TORONTO, June 16, 2016 /CNW/ - A CBC report into the launching of a criminal investigation into a workplace fatality earlier this year in Ottawa is proof that a campaign led by the United Steelworkers (USW) is making slow but steady progress toward proper enforcement of the 2004 Westray Law.
"The death of Olivier Bruneau appears to be both predictable and preventable," said USW National Director Ken Neumann. "The possibility of criminal negligence must be thoroughly considered, but is no consolation to a grieving family. Our anger is mixed with condolences and a desire for justice.
"The goals of our union's campaign to 'Stop the Killing, Enforce the Law' have been endorsed by municipalities across Canada, including the City of Ottawa only last week. Olivier Bruneau knew the dangers of the pit he was working in but, like many workers who warn about hazards, he was the victim of a gamble by his employer to put him at risk in an unstable icy pit."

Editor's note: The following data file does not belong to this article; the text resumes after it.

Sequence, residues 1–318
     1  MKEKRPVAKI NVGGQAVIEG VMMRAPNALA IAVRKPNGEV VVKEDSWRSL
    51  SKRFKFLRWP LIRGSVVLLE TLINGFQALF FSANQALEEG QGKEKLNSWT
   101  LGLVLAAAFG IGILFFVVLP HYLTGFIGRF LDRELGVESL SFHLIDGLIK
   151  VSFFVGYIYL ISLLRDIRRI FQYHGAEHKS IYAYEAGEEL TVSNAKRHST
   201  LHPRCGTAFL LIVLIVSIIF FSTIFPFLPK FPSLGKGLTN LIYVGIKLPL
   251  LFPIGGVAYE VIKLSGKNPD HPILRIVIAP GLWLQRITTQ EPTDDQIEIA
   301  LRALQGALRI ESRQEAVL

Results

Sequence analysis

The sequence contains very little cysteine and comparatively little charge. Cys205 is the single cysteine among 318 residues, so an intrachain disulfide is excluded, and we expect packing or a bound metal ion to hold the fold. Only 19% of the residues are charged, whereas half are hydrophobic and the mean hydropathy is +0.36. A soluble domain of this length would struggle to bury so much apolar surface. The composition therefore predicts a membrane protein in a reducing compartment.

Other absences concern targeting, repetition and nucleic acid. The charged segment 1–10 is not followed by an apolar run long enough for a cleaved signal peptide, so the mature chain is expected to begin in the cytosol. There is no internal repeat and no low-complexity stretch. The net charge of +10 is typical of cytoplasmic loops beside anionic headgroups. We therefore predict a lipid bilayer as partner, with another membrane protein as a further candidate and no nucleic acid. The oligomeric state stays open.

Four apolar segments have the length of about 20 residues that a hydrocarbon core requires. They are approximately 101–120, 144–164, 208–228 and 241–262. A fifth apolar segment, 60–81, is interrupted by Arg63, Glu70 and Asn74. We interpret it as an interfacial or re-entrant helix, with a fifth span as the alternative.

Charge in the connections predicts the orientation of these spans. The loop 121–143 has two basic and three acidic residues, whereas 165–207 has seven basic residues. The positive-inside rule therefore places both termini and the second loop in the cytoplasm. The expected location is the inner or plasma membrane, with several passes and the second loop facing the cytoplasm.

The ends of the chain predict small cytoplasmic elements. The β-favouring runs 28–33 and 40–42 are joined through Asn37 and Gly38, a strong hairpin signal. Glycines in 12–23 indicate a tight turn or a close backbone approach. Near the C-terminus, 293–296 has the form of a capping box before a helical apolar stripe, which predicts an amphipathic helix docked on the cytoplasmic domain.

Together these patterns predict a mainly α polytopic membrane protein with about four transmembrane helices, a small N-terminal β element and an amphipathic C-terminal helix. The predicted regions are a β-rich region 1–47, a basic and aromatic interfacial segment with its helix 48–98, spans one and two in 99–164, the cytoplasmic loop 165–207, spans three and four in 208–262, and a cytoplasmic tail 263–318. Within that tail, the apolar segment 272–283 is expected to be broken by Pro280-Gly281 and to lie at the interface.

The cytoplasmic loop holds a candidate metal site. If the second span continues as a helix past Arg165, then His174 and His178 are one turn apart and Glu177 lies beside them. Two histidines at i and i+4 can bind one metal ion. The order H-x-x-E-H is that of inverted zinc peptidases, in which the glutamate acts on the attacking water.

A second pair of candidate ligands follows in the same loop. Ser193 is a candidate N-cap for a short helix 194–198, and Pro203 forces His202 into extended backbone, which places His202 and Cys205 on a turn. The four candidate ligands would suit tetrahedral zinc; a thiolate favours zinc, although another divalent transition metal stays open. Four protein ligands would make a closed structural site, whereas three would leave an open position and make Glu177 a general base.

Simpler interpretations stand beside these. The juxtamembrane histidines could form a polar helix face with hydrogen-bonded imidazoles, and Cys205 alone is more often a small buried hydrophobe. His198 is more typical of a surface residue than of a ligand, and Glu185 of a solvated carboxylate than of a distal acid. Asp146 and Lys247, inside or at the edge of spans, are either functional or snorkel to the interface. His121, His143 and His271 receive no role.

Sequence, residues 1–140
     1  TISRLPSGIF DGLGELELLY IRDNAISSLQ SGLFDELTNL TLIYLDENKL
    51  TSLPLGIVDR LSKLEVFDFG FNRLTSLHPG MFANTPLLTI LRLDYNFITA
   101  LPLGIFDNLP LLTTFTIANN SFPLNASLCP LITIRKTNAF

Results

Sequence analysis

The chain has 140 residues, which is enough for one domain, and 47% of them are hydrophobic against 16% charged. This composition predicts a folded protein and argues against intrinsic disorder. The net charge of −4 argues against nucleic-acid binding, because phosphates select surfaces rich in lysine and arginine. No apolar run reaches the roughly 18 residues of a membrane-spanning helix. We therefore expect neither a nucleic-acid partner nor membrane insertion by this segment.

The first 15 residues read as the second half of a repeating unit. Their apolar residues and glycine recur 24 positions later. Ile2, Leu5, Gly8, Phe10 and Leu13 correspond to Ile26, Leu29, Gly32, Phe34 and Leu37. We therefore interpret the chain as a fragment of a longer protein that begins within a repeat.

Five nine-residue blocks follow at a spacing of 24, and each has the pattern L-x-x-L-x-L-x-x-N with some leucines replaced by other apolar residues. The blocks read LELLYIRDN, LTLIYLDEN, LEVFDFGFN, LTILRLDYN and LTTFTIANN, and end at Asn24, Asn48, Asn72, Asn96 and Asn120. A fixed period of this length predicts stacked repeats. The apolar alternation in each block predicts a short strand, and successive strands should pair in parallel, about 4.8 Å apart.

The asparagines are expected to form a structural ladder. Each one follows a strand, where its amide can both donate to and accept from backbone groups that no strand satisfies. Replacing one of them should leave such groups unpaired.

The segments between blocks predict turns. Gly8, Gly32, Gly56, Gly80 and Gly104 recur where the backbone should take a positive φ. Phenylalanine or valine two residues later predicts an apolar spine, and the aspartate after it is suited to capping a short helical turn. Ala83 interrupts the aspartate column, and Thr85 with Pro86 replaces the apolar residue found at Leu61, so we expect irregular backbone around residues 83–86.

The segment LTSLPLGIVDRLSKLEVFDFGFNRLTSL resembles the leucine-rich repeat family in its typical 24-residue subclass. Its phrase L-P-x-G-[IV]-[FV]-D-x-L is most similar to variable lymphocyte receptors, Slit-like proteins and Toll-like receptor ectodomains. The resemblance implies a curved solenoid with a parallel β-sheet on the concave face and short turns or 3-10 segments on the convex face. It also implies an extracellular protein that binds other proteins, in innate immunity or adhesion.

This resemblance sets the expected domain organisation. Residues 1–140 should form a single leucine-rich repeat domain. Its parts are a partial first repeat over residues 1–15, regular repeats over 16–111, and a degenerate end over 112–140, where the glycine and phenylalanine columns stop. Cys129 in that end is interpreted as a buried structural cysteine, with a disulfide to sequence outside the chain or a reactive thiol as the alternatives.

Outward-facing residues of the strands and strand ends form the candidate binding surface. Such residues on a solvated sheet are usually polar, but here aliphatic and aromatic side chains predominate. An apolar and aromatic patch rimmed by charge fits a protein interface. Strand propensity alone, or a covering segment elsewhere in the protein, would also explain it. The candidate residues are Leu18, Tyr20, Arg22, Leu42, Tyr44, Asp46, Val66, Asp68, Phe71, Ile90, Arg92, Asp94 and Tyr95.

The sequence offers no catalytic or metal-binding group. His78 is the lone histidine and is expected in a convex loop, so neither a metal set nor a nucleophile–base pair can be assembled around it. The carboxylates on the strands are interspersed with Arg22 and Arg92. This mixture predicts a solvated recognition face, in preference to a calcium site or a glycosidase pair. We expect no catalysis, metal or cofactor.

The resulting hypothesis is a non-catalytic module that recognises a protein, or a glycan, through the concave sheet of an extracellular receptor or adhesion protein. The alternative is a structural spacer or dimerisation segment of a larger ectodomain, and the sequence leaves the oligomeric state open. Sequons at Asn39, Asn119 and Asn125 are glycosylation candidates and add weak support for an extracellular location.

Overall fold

The USW lobbied Parliament for years leading up to the 2004 enactment of the Westray Law, which is intended to hold corporations, their directors and executives criminally accountable for workplace deaths and injury. The law was named after the 1992 explosion at the Westray Coal mine in Pictou County, Nova Scotia, that claimed 26 miners, 11 of whose bodies remain entombed in the mine. Only a park and a memorial remain on the ground above the long-abandoned mine tunnels.
"Next year marks 25 years since Westray," said USW Ontario/Atlantic Director Marty Warren. "Our job will never be complete until there are no more Westrays, and no more deaths like that of Olivier Bruneau."
Details of the campaign and support are available at www.stopthekilling.ca.
SOURCE United Steelworkers (USW)
For further information: Marty Warren, USW District Director for Ontario and Atlantic Canada, [email protected], 416-243-8792; Ken Neumann, USW National Director, 416-544-5951; Sylvia Boyce, USW Health and Safety Coordinator for Ontario and Atlantic Canada, [email protected], 905-741-9830; Bob Gallagher, USW Communications, 416-544-5966, 416-434 2221, [email protected]